Saturday, 13 July 2013

Egypt's military adventure

As ever, Shakespeare puts it perfectly:
                                       What's in a name? That which we call a rose
                                        By any other name would smell as sweet.

What has happened in Egypt is, frankly, a coup d’état. The army has overthrown the elected government and arrested the president and the leaders of what was the governing party, the Muslim Brotherhood. Yet the US administration has so far studiously avoided designating recent events as a military coup, and the UK has been equally bashful.

This “American paralysis” as Peter Oborne, chief political correspondent for the London Daily Telegraph puts it, results from an obscure piece of US legislation, the Foreign Assistance Act, which stipulates that US aid shall not be awarded “to any country whose duly elected head of government is deposed by a military coup or decree”.

If Mohammed Morsi was not the “duly elected head of government”, and if he was not “deposed by a military coup or decree”, then words have ceased to have their meaning, and black is white. However, since Washington has no desire – regardless of which entity has its hands on the levers of power – to sever its military support for Egypt, and with it Egypt’s continued maintenance of its peace treaty with Israel, it is important that the words “military coup” are not uttered in Washington, or it seems in London, intent as it is on not causing embarrassment to its US ally.

The US Foreign Assistance Act does not specify that subsequent actions by the instigators of a military coup can mitigate the effect of the legislation. If such a loophole existed it could be argued that, on engineering the overthrow of the administration, army chief Abdel-Fattah el-Sissi did not assume power himself – as his predecessor, Colonel Gamal Abdel Nasser, had done back in the 1950s – but quickly installed the president of the supreme constitutional court, Adli Mansour, as interim head of state, assisted by an interim council and a technocratic government.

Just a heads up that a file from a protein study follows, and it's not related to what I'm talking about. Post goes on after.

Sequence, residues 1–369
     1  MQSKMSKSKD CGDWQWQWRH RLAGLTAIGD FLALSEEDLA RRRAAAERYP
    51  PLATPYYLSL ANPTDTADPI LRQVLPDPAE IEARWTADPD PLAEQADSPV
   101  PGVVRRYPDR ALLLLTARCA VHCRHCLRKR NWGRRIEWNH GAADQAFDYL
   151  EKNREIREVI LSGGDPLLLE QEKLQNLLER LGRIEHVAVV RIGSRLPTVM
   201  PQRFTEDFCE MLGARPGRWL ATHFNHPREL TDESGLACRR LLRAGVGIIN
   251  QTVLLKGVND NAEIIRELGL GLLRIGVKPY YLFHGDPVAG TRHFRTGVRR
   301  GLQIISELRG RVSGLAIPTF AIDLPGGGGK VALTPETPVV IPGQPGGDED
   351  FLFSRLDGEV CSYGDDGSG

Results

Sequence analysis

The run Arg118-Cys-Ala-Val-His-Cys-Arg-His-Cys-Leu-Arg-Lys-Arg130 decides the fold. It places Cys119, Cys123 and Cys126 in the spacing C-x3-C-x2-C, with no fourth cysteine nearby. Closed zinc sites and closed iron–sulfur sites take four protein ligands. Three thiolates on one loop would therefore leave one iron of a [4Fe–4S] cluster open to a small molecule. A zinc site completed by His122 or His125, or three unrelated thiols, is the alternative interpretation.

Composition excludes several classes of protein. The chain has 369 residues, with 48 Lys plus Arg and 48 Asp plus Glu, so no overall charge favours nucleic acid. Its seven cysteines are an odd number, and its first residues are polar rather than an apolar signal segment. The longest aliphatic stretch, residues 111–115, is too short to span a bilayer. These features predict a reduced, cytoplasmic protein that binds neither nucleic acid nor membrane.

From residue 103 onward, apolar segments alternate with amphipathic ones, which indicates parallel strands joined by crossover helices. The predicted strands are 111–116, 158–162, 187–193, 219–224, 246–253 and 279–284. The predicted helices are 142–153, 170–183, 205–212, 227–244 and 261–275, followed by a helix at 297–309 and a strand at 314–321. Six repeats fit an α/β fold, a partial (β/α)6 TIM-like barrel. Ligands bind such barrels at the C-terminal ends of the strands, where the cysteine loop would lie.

A day later Mansour named 76-year-old economist and former finance minister Hazem el Beblawi as transitional prime minister, and former United Nations nuclear agency chief, Mohamed El Baradei, as deputy to the president. The interim administration announced that it would set to work to devise a new constitution leading to parliamentary and presidential elections.

Do these semi-democratic moves – semi-democratic because all are taken under the aegis, and with the approval, of the Supreme Council of the Armed Forces – justify Washington’s hesitation to designate the events as a military coup? The US would be happier, perhaps, to dub them “Egypt’s military adventure”. After all, an adventure trail can lead you to all manner of unexpected places – and a truly democratic outcome is perhaps one possibility.

Not if the Muslim Brotherhood has its way, however. Riding high as it was only a month ago, its president. Mohammed Morsi, was systematically using his mandate to seize authoritarian powers, including legislative and executive powers that were beyond judicial oversight, and was well on his way to entrenching the profoundly undemocratic rule of the Muslim Brotherhood on Egypt. The patience of a goodly proportion of the secular-minded Egyptian public finally snapped. On July 4, Tahrir, an independent Egyptian daily, ran an English-language headline at the top of its front page, addressing US President Obama directly: "It's a Revolution ... Not a Coup, Mr Obama!"